The article that, I believe, may excite Disney fans more than any other is Cynthia Miller's study of the "People and Places" series of travel/geography shorts made in the 1950s as a parallel to the "True-Life Adventures" series. Most hardcore Disney fans know of these films, but no book on Disney Studios (that I'm aware of) does more than mention their existence. The article in Learning from Mickey, Donald, and Walt will take readers deep inside the series . . . discussing how Disney, at the height of the 1950s, introduced middle class Americans to "exotic cultures" from Scotland to Samoa and turned the world into a kind of virtual theme park.

I conceived this book, in late 2006, as a "Disney book" written by people who were experts in the relevant subject matter, but not (primarily) Disney specialists. The final line-up of contributors reflects that: Cynthia Miller ("People and Places") is an anthropologist; Ronald Tobias ("True-Life Fantasies") is a natural history filmmaker; Marianne Holdzkom ("Disney and American History") is a historian of the Revolutionary War and Early Republic eras; Bernice Nuhfer-Halten ("Disney's Latin America") is a scholar of Latin American literature and culture; Doug Cunningham ("WWII Training Films") is a US Air Force officer; as for me ("Science and Technology on Disneyland" and "Disney and the Automobile"), I'm a historian of science and technology. The remaining contributors are scholars of film and cultural studies -- a mixture of veterans (Eddy von Mueller, Martin Norden, Sarah Nilsen, and Richard Leskosky, ) and newcomers (Katharina Bonzel, Bella Hoeness Roe, Bob Cruz, Jr.).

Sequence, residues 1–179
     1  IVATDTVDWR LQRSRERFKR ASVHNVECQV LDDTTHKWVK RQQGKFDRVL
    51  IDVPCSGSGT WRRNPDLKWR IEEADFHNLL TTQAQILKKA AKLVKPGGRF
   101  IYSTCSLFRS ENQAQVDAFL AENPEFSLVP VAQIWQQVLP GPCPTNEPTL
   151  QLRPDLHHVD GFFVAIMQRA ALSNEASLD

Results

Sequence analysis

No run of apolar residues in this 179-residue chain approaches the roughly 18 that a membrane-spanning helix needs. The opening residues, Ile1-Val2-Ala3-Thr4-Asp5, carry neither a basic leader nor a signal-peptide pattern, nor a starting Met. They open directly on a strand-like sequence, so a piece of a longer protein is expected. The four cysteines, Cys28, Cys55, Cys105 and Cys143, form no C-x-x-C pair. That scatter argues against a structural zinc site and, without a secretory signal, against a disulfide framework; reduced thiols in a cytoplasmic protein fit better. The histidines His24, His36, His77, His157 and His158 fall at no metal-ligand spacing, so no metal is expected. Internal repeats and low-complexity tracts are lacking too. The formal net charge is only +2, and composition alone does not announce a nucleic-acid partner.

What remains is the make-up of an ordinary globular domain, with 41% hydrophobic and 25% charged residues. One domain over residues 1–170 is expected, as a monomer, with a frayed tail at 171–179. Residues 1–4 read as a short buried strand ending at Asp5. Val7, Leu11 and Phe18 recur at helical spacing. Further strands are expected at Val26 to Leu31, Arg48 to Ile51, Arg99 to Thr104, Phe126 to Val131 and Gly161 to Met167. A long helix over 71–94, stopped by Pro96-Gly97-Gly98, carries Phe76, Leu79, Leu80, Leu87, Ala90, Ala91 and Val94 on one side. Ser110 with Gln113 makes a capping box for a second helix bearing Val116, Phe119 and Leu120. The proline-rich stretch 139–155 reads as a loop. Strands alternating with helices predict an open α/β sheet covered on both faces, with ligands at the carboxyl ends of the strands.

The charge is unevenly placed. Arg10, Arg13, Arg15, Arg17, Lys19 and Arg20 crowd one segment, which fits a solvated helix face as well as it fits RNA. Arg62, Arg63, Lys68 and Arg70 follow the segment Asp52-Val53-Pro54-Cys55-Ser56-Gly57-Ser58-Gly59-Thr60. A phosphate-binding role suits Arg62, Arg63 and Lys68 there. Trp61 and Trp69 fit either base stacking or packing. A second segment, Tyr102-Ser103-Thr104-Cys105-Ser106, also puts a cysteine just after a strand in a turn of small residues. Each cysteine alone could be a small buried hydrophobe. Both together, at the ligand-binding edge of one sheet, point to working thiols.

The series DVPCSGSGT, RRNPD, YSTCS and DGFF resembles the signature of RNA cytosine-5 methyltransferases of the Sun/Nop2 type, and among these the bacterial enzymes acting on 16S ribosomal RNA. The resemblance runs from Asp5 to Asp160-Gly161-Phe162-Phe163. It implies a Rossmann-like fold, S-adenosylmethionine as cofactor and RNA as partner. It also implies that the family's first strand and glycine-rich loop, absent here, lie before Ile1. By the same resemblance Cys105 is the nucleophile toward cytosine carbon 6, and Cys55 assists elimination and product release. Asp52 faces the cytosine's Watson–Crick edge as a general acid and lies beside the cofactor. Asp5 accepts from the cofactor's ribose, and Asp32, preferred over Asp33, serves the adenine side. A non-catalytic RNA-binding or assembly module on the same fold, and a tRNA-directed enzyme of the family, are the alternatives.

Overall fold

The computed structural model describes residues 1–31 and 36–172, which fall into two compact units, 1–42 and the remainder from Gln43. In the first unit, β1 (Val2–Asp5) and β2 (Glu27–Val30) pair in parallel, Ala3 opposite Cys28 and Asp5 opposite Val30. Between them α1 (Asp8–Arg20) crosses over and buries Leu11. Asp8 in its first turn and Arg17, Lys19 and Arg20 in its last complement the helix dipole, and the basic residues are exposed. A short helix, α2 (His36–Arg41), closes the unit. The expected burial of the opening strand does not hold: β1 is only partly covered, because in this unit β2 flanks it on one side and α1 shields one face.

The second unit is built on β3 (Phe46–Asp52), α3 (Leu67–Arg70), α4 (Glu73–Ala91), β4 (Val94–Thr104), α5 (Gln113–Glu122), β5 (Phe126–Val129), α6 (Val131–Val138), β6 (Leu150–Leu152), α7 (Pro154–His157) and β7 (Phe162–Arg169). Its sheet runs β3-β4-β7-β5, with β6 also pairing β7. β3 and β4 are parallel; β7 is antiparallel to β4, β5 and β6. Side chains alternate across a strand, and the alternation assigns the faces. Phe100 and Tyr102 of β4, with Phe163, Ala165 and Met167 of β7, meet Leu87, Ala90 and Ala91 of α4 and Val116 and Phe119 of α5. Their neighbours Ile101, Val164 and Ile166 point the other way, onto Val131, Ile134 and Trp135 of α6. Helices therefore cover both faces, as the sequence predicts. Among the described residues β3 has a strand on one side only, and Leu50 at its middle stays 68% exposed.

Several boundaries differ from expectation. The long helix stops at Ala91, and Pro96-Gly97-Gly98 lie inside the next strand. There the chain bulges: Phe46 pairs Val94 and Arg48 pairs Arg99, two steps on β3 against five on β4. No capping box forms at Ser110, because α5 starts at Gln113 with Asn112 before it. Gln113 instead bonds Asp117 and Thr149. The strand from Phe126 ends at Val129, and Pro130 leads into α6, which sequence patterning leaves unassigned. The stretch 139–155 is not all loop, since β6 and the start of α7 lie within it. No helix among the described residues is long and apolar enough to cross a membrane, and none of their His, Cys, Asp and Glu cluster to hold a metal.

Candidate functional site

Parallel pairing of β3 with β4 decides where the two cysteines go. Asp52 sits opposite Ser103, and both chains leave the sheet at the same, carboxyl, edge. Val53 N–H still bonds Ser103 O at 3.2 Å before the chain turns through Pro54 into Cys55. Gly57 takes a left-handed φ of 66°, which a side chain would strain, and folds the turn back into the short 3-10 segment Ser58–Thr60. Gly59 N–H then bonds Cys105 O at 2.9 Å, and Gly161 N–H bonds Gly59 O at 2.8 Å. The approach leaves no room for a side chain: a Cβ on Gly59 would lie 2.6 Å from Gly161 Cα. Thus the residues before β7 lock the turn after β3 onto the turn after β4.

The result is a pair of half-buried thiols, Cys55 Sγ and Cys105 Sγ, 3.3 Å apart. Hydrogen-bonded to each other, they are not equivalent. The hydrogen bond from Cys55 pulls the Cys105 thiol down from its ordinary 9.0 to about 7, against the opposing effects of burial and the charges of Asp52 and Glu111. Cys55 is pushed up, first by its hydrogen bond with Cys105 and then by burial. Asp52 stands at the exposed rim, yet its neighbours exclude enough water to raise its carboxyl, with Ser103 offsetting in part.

DG: Was any original research conducted to write the essays?

BVR: I'm not entirely sure what you mean by "original research," but all of the essays are written from a deep, intimate familiarity with the films being discussed. Cynthia Miller, for example, spent a two-day marathon in the viewing room at the Library of Congress, watching all the "People and Places" films. Doug Cunningham and Sarah Nilsen dug into archival records to trace Disney's involvement with the U. S. government during WWII and the Cold War, and Richard Leskosky's essay on the WWII propaganda shorts includes a tour-de-force analysis and taxonomy of the visual techniques they used. Even well-read Disney fans will, I think, find that Learning from Mickey, Donald, and Walt is a long way from the "same old, same old," and brings a wealth of new information, fresh insights, and forgotten films to the table.